Candelarhynchus padillai was a slim, long-jawed, deepwater fish that looked a little like a modern barracuda, or at least it did, when it plied the oceans 90 million years ago. Scientists didn’t have any idea that it even existed until recently, when a 10-year-old boy was taking a tour of the 17th-century monastery of La Candelaria in Colombia. He noticed something strange: One of the flagstones of the entry pathway, which had been laid 15 years before, held fish shape.
He took a photo of his find and later shared it with experts from the Centro de Investigaciones Paleontologicas, a local museum, which then pulled in its research partners at the University of Alberta in Canada to have a look at the 16-inch fossil. A team of biologists lead by Oksana Vernygora, a doctoral student at the University of Alberta, identified it as a new species, and the first fish of its family from the Cretaceous period ever found in tropical South America. They also found the other side of the fossil (the bones on one side, an impression on another) on flagstone 25 feet away.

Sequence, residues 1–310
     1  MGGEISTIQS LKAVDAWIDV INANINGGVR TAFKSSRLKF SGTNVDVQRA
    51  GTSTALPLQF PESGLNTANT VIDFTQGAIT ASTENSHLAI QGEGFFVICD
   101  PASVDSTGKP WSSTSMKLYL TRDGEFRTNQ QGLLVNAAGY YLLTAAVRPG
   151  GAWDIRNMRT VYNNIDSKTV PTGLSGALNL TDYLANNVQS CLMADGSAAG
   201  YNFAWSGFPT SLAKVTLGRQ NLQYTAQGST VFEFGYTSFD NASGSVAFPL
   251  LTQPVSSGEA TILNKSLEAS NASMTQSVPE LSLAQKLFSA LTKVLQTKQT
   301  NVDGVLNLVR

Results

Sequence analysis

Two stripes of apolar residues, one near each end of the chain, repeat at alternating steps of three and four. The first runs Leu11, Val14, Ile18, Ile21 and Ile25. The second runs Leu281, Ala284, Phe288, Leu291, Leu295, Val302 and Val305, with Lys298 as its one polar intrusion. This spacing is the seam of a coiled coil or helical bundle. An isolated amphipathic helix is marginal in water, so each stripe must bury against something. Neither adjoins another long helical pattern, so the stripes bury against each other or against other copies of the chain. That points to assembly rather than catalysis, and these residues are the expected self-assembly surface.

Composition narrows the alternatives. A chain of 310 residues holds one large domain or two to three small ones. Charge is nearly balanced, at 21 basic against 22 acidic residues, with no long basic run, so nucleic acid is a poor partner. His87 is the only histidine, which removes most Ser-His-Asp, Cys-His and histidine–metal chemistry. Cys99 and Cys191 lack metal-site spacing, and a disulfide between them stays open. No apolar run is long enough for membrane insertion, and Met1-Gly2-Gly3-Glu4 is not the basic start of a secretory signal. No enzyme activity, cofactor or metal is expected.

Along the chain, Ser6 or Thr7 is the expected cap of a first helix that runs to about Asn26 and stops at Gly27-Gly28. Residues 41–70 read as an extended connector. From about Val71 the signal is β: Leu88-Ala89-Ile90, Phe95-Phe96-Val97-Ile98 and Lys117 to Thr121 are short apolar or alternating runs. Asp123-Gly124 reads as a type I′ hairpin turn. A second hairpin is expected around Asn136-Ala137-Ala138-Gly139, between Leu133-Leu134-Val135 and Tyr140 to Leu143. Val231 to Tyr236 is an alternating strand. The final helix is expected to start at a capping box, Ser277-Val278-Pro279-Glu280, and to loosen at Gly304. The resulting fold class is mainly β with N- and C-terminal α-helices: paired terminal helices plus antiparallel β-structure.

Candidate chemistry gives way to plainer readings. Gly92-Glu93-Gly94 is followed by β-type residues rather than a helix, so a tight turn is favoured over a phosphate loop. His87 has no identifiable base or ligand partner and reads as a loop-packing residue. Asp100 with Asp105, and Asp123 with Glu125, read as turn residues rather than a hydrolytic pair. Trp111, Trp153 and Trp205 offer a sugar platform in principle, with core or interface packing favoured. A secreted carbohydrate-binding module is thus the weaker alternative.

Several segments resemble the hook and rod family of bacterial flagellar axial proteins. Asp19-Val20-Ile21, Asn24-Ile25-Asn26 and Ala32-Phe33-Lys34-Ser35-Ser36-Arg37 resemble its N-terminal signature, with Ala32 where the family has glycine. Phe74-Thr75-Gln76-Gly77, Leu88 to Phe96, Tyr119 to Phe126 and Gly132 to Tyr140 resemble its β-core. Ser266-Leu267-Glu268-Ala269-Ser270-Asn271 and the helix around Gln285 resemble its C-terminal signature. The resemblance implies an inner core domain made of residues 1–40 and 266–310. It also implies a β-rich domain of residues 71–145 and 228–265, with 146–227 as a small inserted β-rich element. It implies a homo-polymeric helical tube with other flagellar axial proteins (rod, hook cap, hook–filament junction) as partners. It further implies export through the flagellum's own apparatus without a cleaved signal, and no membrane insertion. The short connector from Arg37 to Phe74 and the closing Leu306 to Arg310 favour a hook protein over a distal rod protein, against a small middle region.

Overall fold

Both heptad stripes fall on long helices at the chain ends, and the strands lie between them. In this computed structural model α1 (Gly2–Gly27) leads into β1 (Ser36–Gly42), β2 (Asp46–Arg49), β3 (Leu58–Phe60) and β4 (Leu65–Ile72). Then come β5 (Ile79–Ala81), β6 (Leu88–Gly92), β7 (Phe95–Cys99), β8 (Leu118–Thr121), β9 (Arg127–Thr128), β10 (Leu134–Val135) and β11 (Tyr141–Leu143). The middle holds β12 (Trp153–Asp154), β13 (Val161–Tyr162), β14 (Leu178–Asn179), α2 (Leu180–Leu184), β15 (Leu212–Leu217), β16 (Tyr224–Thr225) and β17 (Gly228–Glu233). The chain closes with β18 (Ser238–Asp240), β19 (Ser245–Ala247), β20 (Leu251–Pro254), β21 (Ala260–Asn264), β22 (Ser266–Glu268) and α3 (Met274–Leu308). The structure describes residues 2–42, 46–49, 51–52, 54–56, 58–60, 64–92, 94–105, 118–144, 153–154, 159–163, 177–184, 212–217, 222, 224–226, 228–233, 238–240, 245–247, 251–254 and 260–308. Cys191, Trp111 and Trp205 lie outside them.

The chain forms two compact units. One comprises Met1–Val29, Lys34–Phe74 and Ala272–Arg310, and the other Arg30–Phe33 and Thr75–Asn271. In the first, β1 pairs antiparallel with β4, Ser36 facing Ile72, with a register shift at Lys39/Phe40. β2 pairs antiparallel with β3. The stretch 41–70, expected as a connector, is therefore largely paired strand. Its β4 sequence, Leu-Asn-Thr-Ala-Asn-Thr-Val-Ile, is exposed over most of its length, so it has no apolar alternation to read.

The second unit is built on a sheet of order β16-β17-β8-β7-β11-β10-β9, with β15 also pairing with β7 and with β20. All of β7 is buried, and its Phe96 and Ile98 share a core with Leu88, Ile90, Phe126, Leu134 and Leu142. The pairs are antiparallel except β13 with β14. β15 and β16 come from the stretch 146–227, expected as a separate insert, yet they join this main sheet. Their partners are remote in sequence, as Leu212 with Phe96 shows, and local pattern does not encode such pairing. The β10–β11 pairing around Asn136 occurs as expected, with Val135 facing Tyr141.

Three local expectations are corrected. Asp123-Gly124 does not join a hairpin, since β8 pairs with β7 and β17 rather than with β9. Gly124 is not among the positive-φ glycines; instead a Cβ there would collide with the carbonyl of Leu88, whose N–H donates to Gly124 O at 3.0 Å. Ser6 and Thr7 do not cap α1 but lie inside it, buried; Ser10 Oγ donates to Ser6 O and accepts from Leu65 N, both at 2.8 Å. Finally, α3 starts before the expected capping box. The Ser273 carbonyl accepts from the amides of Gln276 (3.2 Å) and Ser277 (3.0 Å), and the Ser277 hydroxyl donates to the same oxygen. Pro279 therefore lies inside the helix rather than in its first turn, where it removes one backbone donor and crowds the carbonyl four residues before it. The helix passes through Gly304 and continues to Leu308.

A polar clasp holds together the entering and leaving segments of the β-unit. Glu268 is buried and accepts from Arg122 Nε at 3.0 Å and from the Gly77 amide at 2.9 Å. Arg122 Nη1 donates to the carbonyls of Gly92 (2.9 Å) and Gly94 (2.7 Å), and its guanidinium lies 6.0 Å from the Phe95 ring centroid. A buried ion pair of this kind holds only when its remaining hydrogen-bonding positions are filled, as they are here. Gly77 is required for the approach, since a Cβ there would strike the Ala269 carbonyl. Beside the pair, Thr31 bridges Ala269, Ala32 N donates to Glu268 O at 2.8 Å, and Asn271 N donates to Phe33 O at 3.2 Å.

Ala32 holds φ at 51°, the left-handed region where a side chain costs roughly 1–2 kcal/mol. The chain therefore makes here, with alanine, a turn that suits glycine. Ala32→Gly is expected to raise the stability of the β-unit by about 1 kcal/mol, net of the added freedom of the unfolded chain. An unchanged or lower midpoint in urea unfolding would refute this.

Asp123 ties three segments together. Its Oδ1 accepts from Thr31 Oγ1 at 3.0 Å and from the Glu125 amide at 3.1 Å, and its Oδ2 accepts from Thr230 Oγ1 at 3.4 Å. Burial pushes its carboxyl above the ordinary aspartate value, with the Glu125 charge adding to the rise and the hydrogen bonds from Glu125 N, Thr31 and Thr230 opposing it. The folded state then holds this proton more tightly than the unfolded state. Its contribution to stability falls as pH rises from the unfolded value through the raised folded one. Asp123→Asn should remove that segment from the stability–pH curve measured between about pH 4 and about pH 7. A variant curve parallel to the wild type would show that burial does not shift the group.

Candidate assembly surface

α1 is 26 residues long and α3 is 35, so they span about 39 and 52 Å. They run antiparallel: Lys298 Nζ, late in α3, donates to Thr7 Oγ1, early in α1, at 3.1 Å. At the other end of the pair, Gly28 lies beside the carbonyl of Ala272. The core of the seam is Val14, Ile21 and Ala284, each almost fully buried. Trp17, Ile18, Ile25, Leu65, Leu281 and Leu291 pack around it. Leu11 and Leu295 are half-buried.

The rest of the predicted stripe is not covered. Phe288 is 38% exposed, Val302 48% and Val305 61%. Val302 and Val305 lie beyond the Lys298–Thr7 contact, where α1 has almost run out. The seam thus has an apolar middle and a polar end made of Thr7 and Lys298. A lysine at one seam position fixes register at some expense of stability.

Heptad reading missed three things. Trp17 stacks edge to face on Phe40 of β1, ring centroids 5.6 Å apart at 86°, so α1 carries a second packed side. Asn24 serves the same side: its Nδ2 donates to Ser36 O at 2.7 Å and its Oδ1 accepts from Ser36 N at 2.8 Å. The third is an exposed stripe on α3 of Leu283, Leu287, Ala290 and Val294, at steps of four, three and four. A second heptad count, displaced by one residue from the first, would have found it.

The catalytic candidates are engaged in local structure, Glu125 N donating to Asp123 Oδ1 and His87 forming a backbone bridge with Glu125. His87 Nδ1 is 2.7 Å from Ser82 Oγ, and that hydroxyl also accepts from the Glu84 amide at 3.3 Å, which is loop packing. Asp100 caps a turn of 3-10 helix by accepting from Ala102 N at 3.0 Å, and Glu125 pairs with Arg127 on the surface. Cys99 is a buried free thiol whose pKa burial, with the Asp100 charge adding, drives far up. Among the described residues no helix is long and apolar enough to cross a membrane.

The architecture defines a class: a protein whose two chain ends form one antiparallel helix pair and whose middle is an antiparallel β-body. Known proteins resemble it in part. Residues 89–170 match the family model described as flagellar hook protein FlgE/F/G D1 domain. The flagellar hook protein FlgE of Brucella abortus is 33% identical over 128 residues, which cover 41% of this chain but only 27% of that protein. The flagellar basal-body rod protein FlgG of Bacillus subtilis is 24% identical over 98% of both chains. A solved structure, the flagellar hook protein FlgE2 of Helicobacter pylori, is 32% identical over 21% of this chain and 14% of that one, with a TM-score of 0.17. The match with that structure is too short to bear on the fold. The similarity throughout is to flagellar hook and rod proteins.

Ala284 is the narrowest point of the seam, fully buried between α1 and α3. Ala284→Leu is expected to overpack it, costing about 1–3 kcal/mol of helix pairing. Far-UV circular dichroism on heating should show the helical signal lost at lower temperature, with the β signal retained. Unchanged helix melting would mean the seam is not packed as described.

“It’s rare to find such a complete fossil of a fish from this moment in the Cretaceous period. Deepwater fish are difficult to recover, as well as those from environments with fast-flowing waters,” Vernygora said in a statement. “But what surprises me the most is that, after 15 years of being on a walkway, it was still intact. It’s amazing.”
It is generally rare for fossils to be found on manmade structures, and it usually happens in regions that are rich in fossils to begin with. And they’re often hard to detect without knowing what you are looking for. Researchers now hope to learn more about this fish, and how marine life adapts to shifting environments.
“We can see how fish have changed as their environments have changed throughout history,” said Vernygora, who published a study on the fossil in Journal of Systematic Palaeontology with her supervisor Alison Murray and her fellow doctoral student Javier Luque. “Studying fish diversity gives us amazing predicting power for the future—especially as we start to see the effects of climate change.”